At some point, you might want to script something to open up the Anki database and collect some information without having to run as an add-on.

For example, I have a script that runs from cron. It copies the anki collection to the /tmp directory and then opens it up, looks to see if there are any learning cards due, and then sends me an alert if there are.

The article on writing addons alludes to loading libraries from python and opening up the collection, but it doesn’t give a step-by-step example of this. It took me some fiddling, but I figured out how to do it.

Loading an Anki collection in Python

Here’s some example code:

# Check learning cards in Anki collection
# If any are due in the next 20 minutes, give an alert
import sys
from anki import Collection
from anki.utils import intTime
import time

collection_path = "/home/username/Documents/Anki/User 1/collection.anki2"
col = Collection(collection_path)

tody = intTime() #anki function returns current integer time
nextTwenty = today + 20*60 #integer time in 20 minutes

query="select count(id) from cards where queue = 1 and due < %s" % nextTwenty
learnAheadCards = col.db.scalar(query)

print("You have %s learning cards due in Anki" % learnAheadCards) 


This is just meant to be an example of a python script that can read the Anki database without being an addon, so the code is pretty simple. Notice that the collection is loaded as col, so the functions that you would normally find under mw.col are now just under col.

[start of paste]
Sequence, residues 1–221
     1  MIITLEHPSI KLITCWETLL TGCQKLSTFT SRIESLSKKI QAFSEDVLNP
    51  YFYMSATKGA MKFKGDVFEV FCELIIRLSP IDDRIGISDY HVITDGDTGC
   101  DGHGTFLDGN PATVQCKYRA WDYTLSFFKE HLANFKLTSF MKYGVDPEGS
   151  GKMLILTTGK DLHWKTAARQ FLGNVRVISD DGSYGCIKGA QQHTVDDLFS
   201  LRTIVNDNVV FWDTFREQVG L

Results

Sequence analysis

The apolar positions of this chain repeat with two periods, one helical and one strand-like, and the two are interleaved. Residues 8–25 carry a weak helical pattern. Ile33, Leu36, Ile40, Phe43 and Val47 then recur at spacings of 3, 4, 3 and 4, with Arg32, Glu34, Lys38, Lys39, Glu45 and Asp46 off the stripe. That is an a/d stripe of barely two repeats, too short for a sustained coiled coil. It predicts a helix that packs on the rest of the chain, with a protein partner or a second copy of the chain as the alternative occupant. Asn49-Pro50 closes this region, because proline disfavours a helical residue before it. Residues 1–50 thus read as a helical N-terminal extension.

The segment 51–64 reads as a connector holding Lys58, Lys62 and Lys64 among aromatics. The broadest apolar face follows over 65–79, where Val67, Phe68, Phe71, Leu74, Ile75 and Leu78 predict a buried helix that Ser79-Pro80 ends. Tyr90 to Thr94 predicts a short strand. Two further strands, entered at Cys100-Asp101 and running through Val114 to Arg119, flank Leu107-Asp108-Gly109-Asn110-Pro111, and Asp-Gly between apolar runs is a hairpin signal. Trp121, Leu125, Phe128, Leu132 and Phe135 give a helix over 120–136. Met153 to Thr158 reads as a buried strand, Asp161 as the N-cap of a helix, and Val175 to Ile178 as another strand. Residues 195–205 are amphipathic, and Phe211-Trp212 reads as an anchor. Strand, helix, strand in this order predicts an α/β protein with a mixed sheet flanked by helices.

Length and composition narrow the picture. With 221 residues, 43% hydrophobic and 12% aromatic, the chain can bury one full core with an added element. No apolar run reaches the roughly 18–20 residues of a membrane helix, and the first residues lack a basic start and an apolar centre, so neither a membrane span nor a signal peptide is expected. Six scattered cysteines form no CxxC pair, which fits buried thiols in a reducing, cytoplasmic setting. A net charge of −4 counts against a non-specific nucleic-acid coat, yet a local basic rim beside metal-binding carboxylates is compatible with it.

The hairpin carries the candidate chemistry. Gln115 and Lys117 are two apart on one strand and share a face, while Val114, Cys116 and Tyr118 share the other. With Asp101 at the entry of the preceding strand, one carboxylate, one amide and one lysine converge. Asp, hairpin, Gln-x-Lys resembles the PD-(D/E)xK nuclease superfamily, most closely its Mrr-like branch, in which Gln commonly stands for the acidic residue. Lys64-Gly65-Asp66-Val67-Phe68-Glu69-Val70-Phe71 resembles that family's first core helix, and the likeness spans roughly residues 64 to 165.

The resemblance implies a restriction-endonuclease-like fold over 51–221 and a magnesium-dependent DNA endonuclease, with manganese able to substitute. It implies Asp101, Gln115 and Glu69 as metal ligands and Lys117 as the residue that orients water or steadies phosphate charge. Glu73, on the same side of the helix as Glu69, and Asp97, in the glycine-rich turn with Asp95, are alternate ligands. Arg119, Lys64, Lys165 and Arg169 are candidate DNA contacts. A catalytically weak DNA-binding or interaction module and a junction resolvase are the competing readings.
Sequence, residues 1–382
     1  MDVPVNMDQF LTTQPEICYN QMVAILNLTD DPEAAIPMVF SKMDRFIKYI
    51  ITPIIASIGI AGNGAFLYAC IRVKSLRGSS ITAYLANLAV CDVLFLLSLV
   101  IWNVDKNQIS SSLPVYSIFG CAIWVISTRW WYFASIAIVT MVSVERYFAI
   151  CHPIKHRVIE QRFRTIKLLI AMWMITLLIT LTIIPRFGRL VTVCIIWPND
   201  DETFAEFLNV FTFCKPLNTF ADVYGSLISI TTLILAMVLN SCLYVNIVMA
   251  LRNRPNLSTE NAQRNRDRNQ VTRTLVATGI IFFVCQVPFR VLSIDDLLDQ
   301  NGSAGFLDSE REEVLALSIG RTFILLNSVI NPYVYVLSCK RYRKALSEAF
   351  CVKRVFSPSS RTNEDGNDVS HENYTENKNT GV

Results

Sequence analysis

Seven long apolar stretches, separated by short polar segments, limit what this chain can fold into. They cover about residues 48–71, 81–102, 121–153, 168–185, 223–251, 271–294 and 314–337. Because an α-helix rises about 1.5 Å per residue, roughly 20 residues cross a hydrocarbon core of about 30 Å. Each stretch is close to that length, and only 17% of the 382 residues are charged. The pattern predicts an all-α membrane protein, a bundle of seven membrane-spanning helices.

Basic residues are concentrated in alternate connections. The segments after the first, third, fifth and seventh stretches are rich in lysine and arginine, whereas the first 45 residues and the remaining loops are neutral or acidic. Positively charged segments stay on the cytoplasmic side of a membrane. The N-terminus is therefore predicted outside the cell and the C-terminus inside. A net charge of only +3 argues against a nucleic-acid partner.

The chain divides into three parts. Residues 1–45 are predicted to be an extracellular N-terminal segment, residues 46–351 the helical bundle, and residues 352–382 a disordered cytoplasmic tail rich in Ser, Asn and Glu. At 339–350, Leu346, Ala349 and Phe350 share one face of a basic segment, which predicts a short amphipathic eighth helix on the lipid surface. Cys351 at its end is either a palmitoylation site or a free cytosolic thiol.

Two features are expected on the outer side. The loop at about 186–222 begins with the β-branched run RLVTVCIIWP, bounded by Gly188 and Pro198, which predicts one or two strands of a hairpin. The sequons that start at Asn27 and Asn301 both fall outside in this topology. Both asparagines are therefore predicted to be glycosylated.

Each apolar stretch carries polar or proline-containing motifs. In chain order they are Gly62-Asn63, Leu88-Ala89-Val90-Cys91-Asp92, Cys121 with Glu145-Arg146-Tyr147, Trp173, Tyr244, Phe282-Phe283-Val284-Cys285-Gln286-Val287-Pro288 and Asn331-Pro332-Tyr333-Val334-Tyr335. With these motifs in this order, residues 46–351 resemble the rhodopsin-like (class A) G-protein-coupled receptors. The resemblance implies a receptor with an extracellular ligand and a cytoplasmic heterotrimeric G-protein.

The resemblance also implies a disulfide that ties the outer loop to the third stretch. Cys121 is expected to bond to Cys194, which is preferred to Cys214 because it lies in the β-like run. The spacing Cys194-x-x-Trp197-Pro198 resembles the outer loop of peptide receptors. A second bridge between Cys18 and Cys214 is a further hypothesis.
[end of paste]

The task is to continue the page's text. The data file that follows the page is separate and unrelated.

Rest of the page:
The key lines are:

import sys

This appends the Anki directory to python’s path so that we can import Anki libraries. These have to be the first two lines, or at least they have to come before we load any of Anki’s files.

from anki import Collection
collection_path = "/path/User 1/collection.anki2"
col = Collection(collection_path)

Here’s the rest of the magic. We import Collection from Anki and use it to open up a user’s collection.anki2 file. You can either point it to the normal location of the file, or you can copy the .anki2 file somewhere else first and then open the copy. This is handy if you want a script to run when you might have Anki running. If you try to open the database while Anki is running, you’ll get an error message about a locked database.

Writing to the collection

You can definitely write changes to the database this way if you open the real collection instead of a copy. In that case, you’ll have to figure out how to make the changes stick instead of being over-written by the sync routine. One way is to turn off the sync on load profile setting and then set Anki to force a one-way sync. But I’m pretty sure there’s some sort of database flush function that does what we want; marks the database as updated so our changes aren’t lost on sync… I just don’t remember what it is.